Hillary Clinton’s presidential campaign and the Democratic National Committee helped fund political research into U.S. President Donald Trump that ultimately produced a dossier of allegations about his ties to Russia, according to multiple U.S. media reports.
A lawyer with the campaign and the DNC, Marc Elias, hired the Washington research firm Fusion GPS to conduct the research, according to unnamed sources who spoke to The Washington Post.
Similar stories, also citing anonymous sources, appeared late Tuesday night in The Associated Press and Fox News.
The earliest reports about the dossier said it was paid for by Clinton supporters, who picked up the bill after the effort was dropped by an unidentified Republican.
The revelation is likely to fuel complaints by Trump that the dossier, which he has derided as “phoney stuff,” is a politically motivated collection of salacious claims.
Yet the FBI has worked to corroborate the document, and in a sign of its ongoing relevance to investigators, special counsel Robert Mueller’s team — which is probing potential co-ordination between Russia and the Trump campaign — weeks ago questioned the former British spy, Christopher Steele, who helped compile the claims in the dossier for Fusion.
Trump acknowledged the news early Wednesday morning, tweeting a quote — apparently from Fox News — that described him as the “victim” in the matter. The exact source of the quote was not immediately clear. Trump moved on minutes later, tweeting remarks about Tuesday’s meeting with Senate Republicans.
Former British spy Christopher Steele helped compile the dossier for the research firm Fusion GPS. (Victoria Jones/Associated Press)
The dossier, which circulated in Washington last year and was turned over to the FBI for its review, contends that Russia was engaged in a longstanding effort to aid Trump and had amassed compromising information about him. Trump has repeatedly dismissed the document as false and in recent days has questioned on Twitter whether Democrats or the FBI had helped fund it.
Trump has also attacked the findings of the FBI, NSA and CIA that Russia waged a large-scale influence campaign to interfere in the election. The FBI and the CIA have said with high confidence that the effort was aimed at hurting Clinton’s candidacy and helping Trump. The NSA found the same with “moderate” confidence.
A person familiar with the matter, who spoke to The Associated Press on condition of anonymity to discuss confidential client matters, said the arrangement was brokered by Elias and his law firm of Perkins Coie.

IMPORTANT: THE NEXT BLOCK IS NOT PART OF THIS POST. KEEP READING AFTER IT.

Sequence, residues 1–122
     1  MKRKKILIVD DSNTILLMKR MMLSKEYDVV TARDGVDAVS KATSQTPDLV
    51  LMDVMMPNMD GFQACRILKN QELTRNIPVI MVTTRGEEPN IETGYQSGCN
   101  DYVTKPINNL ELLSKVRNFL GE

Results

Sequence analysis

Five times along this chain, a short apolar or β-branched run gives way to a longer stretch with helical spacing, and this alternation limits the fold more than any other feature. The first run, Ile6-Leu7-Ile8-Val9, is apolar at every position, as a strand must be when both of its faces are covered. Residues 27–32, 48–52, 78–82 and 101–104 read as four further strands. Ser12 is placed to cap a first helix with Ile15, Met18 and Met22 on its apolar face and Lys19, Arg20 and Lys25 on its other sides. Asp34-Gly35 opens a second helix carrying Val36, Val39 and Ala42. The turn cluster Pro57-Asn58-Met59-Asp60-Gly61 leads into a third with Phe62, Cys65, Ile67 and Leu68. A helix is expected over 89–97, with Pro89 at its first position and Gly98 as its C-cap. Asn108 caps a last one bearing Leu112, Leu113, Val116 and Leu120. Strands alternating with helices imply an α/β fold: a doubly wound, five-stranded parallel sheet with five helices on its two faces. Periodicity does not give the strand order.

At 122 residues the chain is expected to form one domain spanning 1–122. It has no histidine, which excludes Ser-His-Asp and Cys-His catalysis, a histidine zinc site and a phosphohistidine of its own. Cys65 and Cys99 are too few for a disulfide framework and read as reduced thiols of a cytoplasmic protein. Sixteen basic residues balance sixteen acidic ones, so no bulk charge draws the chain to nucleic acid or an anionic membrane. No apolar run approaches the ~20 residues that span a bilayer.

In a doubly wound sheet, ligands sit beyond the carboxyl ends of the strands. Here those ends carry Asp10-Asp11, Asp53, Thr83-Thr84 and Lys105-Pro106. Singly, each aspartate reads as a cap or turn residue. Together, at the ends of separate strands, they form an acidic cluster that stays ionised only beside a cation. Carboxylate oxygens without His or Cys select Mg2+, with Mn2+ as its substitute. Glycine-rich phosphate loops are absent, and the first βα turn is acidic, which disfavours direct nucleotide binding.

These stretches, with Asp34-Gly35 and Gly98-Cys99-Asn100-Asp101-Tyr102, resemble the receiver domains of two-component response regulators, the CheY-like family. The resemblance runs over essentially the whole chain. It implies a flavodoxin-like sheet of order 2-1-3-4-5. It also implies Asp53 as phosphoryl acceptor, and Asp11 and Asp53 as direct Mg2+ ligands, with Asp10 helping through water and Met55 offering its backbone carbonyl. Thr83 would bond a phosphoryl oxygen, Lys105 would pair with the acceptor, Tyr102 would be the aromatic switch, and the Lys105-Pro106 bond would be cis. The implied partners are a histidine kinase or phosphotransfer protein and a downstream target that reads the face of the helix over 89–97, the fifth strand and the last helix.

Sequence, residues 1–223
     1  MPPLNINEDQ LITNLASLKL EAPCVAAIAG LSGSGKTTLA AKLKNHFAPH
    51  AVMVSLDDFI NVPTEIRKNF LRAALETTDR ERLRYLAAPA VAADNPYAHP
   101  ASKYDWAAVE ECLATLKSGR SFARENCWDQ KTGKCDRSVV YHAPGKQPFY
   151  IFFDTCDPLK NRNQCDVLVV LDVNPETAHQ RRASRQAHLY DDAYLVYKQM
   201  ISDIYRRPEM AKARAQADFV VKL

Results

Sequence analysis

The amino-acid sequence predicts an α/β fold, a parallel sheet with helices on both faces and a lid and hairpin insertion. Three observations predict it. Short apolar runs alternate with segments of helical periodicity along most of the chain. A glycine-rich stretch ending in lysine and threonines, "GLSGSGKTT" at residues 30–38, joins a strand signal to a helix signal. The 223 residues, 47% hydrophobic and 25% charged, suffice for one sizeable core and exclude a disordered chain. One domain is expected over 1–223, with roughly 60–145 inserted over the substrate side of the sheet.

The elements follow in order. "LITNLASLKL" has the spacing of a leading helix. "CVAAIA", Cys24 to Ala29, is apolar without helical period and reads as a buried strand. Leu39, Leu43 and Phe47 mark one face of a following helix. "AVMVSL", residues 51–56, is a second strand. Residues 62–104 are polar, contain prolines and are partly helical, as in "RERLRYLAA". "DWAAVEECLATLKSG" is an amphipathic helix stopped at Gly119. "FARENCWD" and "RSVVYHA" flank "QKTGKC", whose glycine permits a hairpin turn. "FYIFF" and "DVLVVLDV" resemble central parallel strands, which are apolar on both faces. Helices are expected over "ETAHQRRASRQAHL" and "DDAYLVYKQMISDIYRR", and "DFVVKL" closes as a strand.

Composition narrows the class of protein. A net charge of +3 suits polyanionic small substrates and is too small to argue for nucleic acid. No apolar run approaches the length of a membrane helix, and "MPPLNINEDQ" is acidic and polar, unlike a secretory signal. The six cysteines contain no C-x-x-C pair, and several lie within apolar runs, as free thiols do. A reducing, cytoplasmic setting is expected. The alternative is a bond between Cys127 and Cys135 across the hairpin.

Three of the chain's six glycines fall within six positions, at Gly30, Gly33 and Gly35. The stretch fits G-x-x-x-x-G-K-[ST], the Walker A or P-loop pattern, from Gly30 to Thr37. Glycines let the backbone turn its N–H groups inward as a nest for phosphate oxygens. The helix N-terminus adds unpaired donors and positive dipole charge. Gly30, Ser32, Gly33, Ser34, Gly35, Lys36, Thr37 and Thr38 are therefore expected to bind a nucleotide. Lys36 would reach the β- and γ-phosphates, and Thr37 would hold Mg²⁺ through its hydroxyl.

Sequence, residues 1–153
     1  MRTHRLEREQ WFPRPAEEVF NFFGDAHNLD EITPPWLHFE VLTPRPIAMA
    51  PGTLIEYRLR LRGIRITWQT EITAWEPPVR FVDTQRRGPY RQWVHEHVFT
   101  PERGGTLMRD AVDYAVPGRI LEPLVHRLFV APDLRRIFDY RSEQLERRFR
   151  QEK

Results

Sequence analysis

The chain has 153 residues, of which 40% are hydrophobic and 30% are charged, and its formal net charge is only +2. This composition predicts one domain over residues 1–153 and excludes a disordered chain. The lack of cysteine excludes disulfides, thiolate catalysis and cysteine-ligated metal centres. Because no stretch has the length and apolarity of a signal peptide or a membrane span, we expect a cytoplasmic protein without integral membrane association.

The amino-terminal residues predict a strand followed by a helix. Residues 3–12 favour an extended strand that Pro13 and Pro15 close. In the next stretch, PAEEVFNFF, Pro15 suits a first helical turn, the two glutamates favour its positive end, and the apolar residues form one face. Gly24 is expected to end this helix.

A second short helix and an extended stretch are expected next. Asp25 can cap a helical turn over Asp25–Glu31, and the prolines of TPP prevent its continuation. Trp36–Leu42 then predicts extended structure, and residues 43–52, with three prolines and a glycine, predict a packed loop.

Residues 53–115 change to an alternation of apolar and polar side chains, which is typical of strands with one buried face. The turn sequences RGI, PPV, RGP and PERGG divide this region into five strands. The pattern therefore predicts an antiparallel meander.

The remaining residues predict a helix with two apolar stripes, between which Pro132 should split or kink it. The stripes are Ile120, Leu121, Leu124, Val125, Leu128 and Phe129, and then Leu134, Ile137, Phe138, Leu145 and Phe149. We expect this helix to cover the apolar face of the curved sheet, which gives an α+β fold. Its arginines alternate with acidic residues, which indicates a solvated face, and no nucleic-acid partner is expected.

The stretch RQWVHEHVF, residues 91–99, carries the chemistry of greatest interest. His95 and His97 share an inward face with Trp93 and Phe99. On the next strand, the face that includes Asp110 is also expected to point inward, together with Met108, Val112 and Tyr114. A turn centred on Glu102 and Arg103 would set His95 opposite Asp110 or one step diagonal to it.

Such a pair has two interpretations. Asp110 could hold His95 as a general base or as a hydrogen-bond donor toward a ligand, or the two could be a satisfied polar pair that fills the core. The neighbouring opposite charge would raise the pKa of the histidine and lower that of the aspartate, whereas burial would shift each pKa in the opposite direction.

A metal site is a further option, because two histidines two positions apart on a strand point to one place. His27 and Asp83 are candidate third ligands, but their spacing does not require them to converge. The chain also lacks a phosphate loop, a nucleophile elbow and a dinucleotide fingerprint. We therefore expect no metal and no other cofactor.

The deal began in the spring of 2016, when the firm was approached by Fusion GPS, the political research firm behind the dossier, and lasted until right before Election Day, according to the person. When Fusion approached Elias, it had already been doing research work on Trump for a client during the Republican primary.
The identity of the original client has not been revealed. The New York Times and The Washington post have said the research was originally paid for by a Republican.
Money well spent?
It’s unclear what Fusion GPS had dug up by the time the law firm hired it in April 2016. According to a copy of the dossier published by BuzzFeed last year, the earliest report from Steele dates to June 2016, two months later. It was not immediately known how much money Fusion was paid or how many others in the Clinton campaign or DNC were aware that the firm had been retained.
Elias did not immediately return an email seeking comment, and representatives of Fusion GPS declined to comment.
Clinton campaign officials did not immediately comment, but in a statement, a DNC spokeswoman said chairman Tom Perez was not part of the decision-making and was unaware that Perkins Coie was working with Fusion GPS.
“But let’s be clear, there is a serious federal investigation into the Trump campaign’s ties to Russia, and the American public deserves to know what happened,” the statement said.
Former Clinton campaign spokesman Brian Fallon said on Twitter that he regretted not knowing about Steele’s hiring before the election, and that had he known, “I would have volunteered to go to Europe and try to help him.”
“I have no idea what Fusion or Steele were paid but if even a shred of that dossier ends up helping Mueller, it will prove money well spent,” he wrote in another tweet.
Special counsel Robert Mueller’s team, which is probing potential co-ordination between Russia and the Trump campaign, recently questioned the former British spy who helped compile the claims in the dosier. (J. Scott Applewhite/Associated Press)
According to a letter obtained by the AP Tuesday night, representatives of Fusion GPS reached out to the firm in early March 2016 to express interest in continuing research on Trump it had begun “for one or more other clients during the Republican primary contest.”
At that time, the Clinton campaign was looking toward the general election and was pivoting attention toward Trump, who was emerging as the Republican front-runner. The person said Trump, by virtue of his extensive international business dealings, was seen as a natural target for complicated opposition research abroad.
Perkins Coie then engaged Fusion GPS in April 2016 “to perform a variety of research services during the 2016 election cycle,” according to the letter.
The dossier created a political firestorm when it was revealed that then-FBI director James Comey had alerted Trump to the existence of allegations about him and Russia. Since then, Trump has repeatedly attacked it and Republicans in Congress have worked to discredit it, even issuing a subpoena to force the disclosure of Fusion GPS’s bank records.
The letter, sent Tuesday by the law firm’s general counsel to a lawyer for Fusion GPS, was intended to release the research firm from its obligation to keep confidential the identity of its client.
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